It'd be nice to think that the recent surge in overtly racist rhetoric on the right has been a case of random opportunism, provoked by the coincidence of a wealthy black Harvard professor yelling at a white cop who arrested him in his own home. Like, who could've predicted that the professor would be a friend of the Harvard law school graduate who is president, or that president would then say on camera that the cops acted "stupidly"? Or that the incident would happen just as Congress was going into a clinch over health care reform?
The Henry Louis Gates imbroglio did come out of nowhere, and it did give President Obama's opponents a chance to howl about the onerous burdens "reverse racism" puts on the fading white majority in this country. You may not see how that justifies the big-time bigotry that took over the discourse last week, but hey, it's a white thang: There were Birthers insisting that Obama's presidency is illegitimate because he was "born in Kenya"; CNN's Lou Dobbs trying to legitimize the Birthers, and of course, an angry Rush Limbaugh fuming that Obama "is an angry black man." None of them, however, could hold a fuse next to Glenn Beck, who asserted that the biracial POTUS is a "racist" who has "a deep-seated hatred of white people," something so unhinged that even the Brown-Haired-Guy-Who's-Not-Steve-Doocy (the Fox & Friends cohost who had to apologize a couple weeks ago for blurting that Swedes and "other ethnics" are different "species") called him on it).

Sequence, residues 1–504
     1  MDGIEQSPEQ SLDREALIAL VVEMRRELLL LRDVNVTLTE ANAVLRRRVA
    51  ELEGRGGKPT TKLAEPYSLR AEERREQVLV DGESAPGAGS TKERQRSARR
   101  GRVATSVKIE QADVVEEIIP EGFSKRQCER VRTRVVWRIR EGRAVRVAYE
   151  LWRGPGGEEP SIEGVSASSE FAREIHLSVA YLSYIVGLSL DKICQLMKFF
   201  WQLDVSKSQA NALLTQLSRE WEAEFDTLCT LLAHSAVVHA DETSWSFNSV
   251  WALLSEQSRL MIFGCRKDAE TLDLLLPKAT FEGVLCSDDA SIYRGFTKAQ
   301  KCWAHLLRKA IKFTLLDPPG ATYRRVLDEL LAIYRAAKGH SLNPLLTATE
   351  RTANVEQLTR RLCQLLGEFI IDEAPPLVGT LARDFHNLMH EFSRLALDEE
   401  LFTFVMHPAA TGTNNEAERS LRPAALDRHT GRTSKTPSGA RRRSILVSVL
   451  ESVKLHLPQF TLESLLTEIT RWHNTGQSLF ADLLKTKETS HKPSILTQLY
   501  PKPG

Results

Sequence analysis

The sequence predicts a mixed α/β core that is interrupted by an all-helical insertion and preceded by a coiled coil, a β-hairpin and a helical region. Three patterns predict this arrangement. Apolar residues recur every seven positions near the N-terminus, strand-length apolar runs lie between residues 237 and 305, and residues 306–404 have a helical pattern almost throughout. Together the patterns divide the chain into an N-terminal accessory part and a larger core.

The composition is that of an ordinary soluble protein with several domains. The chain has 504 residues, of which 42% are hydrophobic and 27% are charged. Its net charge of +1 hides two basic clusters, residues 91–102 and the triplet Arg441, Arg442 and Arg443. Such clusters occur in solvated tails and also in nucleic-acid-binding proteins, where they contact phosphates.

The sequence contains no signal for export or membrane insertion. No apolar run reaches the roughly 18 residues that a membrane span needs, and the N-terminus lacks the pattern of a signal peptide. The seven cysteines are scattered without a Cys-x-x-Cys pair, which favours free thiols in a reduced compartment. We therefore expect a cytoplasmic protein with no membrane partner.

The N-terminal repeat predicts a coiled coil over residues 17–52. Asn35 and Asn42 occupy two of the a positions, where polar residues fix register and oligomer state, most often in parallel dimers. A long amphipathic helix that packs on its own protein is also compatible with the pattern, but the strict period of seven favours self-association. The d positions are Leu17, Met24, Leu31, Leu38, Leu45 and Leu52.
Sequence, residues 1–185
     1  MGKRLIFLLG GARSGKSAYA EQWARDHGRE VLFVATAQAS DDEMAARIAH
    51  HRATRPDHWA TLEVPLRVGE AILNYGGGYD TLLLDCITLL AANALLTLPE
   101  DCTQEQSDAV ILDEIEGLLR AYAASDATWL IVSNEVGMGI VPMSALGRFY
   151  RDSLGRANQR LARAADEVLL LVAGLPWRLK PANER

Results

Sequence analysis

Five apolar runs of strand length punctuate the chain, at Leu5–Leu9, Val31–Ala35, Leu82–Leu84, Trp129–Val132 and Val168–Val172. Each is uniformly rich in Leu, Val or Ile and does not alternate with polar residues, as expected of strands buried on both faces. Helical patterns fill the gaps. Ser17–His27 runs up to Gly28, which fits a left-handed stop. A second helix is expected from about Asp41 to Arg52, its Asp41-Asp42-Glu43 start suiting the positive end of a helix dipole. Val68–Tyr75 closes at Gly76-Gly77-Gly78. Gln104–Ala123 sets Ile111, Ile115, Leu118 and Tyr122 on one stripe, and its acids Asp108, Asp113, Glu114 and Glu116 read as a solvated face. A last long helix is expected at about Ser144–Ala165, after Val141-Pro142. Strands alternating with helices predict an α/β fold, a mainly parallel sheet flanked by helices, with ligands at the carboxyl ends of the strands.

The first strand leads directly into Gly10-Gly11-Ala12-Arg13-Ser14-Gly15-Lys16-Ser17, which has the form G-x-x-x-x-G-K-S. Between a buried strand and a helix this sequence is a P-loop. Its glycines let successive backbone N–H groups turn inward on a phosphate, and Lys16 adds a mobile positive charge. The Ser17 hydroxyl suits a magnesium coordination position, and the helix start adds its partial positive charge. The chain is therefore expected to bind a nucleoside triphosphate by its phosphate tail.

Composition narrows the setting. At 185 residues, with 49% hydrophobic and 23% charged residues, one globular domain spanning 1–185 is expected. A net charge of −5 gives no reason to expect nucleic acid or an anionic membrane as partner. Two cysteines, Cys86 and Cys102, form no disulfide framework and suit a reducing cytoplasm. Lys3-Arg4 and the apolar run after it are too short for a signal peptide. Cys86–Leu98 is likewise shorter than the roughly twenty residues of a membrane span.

It's not only angry white male pundits who are waving the white victimhood flag. It's also the chair of the Senate Republican Campaign Committee, Texas Sen. John Cornyn, who last Thursday called the kettle dusky by excoriating Democrats who've defended Sonia Sotomayor for "giving cover to groups and individuals to nurture racial grievances for political advantage."
With every passing day it gets harder to think of this sudden dialing-up of whiny hate speech as sheer coincidence. Instead, it's beginning to look inevitable—so much so that maybe the real question is, What is it about health care that brings out the latent racism in the GOP?